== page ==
- Finally, Sean Isaacs writes about the encroachment of financialization on nearly every aspect of our lives, and the resulting increase in capital's control over people. And Karin Larsen reports on the underhanded tactics of one prominent Vancouver landlord in seeking to evade rent controls by setting up an artificial "utility provider" which would not be subject to any caps (while still using the threat of eviction to force the payment of its bills). 

Wednesday, September 22, 2021

Wednesday Morning Links

 Miscellaneous material for your mid-week reading.

- Julian Borger reports on UN Secretary General Antonio Guterres' call to address major inequities, including in climate action and vaccine distribution. And Stephanie Nolen and Sheryl Gay Stolberg report on the pressure rightly being applied to the Biden administration to open up access to vaccine production so that pandemic suppression can take precedence over pharmaceutical profiteering.  

- Meanwhile, Sareth Peiris writes that the immediate effect of the public health measures delayed so long by Scott Moe serves only to show that action should have been taken far sooner. Zak Vescera reports that the list of crises bubbling up in Saskatchewan's health care system includes an imminent shortage of COVID-19 medication. And Colleen Silverthorn reports on the lengthy list of recent outbreaks in Saskatchewan long-term care homes, while Richard Adams discusses the massive spread within schools in the UK.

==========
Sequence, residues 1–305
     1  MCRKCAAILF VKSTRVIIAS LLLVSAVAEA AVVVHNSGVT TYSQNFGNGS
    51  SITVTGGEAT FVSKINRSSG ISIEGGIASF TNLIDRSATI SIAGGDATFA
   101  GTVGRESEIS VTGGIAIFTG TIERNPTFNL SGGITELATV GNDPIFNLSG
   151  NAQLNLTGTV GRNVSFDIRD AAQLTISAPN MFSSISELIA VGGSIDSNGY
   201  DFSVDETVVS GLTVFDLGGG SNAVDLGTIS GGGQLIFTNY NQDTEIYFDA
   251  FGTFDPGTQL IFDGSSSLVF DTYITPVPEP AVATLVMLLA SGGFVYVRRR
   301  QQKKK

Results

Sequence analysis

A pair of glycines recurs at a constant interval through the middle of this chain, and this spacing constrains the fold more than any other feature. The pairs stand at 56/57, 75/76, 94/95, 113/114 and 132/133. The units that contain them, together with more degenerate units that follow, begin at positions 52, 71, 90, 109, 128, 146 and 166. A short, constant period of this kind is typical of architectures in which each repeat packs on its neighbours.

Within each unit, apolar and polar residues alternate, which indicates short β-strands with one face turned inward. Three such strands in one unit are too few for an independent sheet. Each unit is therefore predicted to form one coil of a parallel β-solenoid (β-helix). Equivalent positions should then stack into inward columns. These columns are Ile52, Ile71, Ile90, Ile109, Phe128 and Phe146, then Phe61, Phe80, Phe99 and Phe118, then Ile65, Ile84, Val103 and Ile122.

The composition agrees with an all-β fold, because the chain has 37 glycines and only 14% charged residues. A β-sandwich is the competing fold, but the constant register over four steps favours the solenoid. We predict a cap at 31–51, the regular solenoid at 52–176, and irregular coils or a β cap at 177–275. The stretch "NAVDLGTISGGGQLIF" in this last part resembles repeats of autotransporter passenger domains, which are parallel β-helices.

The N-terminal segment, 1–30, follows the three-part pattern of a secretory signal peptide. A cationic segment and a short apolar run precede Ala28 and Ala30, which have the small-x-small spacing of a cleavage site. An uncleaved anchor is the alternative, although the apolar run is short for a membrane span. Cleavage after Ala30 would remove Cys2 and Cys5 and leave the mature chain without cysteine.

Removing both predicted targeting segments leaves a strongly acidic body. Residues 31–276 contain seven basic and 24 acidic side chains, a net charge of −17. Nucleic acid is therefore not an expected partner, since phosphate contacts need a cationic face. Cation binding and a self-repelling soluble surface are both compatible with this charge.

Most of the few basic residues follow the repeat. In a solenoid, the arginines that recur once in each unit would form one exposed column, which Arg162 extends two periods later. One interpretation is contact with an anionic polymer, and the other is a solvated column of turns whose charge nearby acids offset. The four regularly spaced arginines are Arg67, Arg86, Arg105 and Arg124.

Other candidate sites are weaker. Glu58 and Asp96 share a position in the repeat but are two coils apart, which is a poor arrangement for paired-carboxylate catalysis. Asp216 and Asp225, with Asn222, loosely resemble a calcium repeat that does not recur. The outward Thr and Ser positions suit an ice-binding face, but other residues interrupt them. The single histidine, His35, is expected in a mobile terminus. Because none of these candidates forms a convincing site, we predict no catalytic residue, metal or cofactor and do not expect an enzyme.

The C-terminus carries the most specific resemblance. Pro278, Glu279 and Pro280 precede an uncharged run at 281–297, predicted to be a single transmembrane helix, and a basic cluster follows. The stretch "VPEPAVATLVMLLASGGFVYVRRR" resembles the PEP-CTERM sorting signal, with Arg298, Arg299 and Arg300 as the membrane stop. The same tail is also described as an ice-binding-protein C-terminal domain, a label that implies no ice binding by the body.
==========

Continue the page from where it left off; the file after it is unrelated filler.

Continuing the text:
- Matt Elliott laments Toronto's choice to spend $2 million to forcibly eject dozens of homeless people from parks rather than using its resources to actually ensure housing is available. 

- Finally, David Moscrop writes that the latest federal election is just the latest example of the failings of a political system designed for two parties when voters demand multiple options. 

#Elxn44 Roundup

Assorted reactions to a federal election which changed so little.

- The Canadian Labour Congress points out that we can't afford to be stuck with the status quo when there's an opportunity for parties to chart a more equitable and sustainable course for Canada. And Aaron Wherry wonders how the federal parties will adapt to another apparent run of minority Parliaments by working on systemic cooperation rather than turning every confidence vote into a game of chicken, while Alex Marland points out the range of outcomes in historical minority governments from generational change to complete gridlock. 

- Seth Klein writes that the new Parliament will hold Canada's climate future in its hands. And Morgan Sharp argues that young voters will be looking for the parties to work together on that front, while Vijay Tupper makes the case that Jagmeet Singh needs to serve to counterbalance the influence of the fossil fuel sector. 

- Justin Ling writes that the main factors driving the outcome proved to be fatigue and resignation. Cameron Holmstrom writes that there were ultimately no winners among Canada's political parties.